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The CLIC annual workshop highlights technology maturity and increased use ahead of the European Strategy update

Report from the CLIC workshop

and | 1 February 2018

More than 200 people attended this year's CLIC workshop. Image: Matteo Volpi / CERN

More than 200 people attended this year’s CLIC workshop. Image: Matteo Volpi / CERN

 

 

 

 

 

 

 

The Compact Linear Collider (CLIC) workshop is the main annual gathering of the CLIC accelerator and detector communities, and this year attracted more than 220 participants to CERN between 22 and 26 January. This meeting focused on preparations for the Update of the European Strategy for Particle Physics.

The initial CLIC energy stage at 380 GeV is optimised to provide high-precision Higgs boson and top-quark measurements, with the higher-energy stages enhancing the sensitivity to effects from beyond-Standard Model (BSM) physics. Following a 2017 publication on Higgs physics, the workshop heard reports on recent developments in top-quark physics and the BSM potential at CLIC, both of which are attracting significant interest from the theory community.

Speakers also reported extensive progress in the validation and performance of the new detector model. To ensure that the detector’s performance meets the challenging specifications, a new approach to tracking has been commissioned, and the particle flow analysis and flavour-tagging capabilities have been consolidated.  Updates were presented on the broad and active R&D programme on the vertex and tracking detectors, which aims to find technologies that simultaneously fulfil all the CLIC requirements. Reports were given on test beam campaigns with both hybrid and monolithic assemblies, and on ideas for future developments.  Many of the tracking and calorimeter technologies under study for the CLIC detector are also of interest to the HL-LHC, where the high granularity and time resolution needed for CLIC are equally crucial.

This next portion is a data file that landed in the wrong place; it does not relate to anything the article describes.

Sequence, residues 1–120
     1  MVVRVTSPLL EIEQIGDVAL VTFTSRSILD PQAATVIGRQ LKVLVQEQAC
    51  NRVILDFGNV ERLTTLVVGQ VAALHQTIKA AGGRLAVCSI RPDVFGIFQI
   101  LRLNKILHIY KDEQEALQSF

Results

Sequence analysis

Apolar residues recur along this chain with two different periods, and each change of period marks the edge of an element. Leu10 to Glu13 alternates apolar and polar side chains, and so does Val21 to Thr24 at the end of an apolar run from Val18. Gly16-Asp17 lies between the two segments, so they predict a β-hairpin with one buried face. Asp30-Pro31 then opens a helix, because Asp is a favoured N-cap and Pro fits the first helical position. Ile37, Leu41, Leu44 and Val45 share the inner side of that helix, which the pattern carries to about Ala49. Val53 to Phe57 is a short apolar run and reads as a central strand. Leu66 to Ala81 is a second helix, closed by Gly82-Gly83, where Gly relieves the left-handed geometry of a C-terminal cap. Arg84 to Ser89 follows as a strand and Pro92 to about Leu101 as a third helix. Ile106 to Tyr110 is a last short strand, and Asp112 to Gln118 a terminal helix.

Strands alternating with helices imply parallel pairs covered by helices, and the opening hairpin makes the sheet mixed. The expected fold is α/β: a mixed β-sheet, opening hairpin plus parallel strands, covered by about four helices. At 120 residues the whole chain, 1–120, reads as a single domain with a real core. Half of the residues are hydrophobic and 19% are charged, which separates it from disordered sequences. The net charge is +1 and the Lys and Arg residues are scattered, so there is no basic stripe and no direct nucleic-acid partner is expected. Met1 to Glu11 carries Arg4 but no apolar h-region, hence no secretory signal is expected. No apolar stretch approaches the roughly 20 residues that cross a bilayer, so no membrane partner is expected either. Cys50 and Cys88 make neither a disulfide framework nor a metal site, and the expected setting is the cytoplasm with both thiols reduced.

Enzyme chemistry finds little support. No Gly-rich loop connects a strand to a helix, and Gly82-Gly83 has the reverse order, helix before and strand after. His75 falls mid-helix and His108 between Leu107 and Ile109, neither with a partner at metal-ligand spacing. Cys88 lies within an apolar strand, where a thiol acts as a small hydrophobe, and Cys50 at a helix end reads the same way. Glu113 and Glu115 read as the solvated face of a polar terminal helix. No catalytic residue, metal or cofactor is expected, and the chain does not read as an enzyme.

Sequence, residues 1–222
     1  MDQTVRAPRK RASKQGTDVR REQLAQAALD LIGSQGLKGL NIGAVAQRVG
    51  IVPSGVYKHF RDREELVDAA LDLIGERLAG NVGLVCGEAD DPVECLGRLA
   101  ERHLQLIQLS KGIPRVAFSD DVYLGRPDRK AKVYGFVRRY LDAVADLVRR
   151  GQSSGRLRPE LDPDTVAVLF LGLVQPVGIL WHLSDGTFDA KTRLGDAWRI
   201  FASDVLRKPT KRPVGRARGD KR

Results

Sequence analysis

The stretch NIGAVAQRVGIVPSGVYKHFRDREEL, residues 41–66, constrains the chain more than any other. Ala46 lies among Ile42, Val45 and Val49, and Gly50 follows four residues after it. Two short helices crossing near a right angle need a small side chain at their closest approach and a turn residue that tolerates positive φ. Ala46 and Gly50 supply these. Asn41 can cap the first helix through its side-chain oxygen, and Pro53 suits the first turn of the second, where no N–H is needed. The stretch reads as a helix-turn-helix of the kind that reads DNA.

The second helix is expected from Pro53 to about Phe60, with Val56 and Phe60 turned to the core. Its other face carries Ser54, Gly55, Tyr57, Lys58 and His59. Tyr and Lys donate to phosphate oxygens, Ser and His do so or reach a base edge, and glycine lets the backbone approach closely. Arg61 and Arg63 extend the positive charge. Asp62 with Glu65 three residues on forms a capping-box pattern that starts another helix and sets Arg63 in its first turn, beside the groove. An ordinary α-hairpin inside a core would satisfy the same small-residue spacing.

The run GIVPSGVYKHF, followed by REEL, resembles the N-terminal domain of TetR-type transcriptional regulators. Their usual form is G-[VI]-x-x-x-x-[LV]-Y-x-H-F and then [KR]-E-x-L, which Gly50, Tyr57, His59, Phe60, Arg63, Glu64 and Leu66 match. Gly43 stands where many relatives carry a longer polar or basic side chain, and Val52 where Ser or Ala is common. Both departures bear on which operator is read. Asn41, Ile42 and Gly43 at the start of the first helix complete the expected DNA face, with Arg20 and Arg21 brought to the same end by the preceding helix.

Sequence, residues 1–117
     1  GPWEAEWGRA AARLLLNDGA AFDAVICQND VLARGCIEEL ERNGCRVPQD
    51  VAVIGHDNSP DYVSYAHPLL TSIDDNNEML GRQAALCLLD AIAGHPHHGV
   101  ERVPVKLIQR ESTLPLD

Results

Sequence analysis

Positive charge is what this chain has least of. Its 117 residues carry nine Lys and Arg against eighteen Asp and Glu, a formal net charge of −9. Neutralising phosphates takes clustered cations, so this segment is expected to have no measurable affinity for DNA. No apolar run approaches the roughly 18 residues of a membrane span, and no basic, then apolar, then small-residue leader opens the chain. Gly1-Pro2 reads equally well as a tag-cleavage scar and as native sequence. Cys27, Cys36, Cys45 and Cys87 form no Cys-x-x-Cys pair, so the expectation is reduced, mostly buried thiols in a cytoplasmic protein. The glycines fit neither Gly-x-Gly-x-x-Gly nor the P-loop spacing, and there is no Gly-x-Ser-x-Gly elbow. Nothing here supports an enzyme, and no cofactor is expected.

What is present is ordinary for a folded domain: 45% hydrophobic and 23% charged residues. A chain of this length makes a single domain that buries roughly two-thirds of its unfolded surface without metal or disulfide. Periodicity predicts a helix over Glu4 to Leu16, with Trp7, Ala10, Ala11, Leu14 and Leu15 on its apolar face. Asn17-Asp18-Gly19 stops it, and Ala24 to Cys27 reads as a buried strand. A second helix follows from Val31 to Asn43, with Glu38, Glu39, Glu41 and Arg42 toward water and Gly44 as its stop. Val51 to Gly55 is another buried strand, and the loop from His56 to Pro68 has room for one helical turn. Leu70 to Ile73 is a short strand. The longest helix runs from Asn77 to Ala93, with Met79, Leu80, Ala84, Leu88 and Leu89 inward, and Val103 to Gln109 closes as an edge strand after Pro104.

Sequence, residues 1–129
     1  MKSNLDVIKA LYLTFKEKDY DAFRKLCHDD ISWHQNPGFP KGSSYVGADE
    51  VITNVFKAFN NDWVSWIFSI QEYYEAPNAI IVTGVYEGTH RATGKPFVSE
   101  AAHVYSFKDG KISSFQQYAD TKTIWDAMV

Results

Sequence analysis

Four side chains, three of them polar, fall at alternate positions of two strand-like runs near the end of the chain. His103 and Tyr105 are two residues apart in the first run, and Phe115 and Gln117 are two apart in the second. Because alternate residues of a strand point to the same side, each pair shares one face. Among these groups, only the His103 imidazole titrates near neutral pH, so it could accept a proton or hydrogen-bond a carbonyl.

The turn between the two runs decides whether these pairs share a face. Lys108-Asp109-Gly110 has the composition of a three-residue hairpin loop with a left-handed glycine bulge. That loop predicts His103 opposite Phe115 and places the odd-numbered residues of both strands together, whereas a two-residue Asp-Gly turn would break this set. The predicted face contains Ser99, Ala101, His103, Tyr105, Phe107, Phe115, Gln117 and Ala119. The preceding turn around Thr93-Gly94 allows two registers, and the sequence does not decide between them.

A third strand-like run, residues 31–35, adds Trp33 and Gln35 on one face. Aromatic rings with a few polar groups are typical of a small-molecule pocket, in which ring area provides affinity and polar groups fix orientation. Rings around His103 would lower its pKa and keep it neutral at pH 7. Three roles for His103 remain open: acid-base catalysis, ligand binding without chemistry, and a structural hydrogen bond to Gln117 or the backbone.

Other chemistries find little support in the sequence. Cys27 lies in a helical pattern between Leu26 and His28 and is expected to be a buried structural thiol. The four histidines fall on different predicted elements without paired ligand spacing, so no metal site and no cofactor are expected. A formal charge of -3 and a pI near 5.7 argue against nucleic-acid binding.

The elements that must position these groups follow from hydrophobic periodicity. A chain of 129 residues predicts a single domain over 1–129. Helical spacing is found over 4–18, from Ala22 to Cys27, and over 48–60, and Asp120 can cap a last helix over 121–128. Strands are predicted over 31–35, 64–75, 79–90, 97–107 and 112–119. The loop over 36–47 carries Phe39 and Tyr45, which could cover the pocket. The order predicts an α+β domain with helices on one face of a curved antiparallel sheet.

For the accelerator, studies with the aim of reducing the cost and power have particular priority. This makes the initial CLIC stage a project that requires resources comparable to what was needed for LHC. Key activities in this context are high-efficiency radio frequency (RF) systems, permanent magnets studies, optimised accelerator structures and overall implementation studies related to civil engineering, infrastructure, schedules and tunnel layout.

A key aspect of the ongoing accelerator development is moving towards industrialisation of the component manufacture, by fostering wider applications of the CLIC 12-GHz X-band technology with external partners.  As a new initiative, the CLIC Workshop saw the kick-off meeting for the CompactLight project recently funded by the European Commission’s Horizon 2020 programme.  This three-year project brings together leading European institutions and companies to design an optimised X-ray free-electron laser based on X-band technology, to pave the way for significantly more compact and power-efficient accelerator facilities.

2017 also saw the realisation of the CERN Linear Electron Accelerator for Research (CLEAR), a new user facility for accelerator R&D whose programme includes CLIC high-gradient and instrumentation studies [http://cerncourier.com/cws/article/cern/70118].  Presentations at the workshop addressed the programmes for instrumentation and radiation studies, plasma-lensing, wakefield monitors and high energy electrons for cancer therapy.

This year the CLIC accelerator and detector and physics collaborations will prepare summary reports as input for the Update of the European Strategy for Particle Physics focusing on the 380-GeV initial CLIC project implementation. These will also include plans for the project preparation phase in 2020-25.

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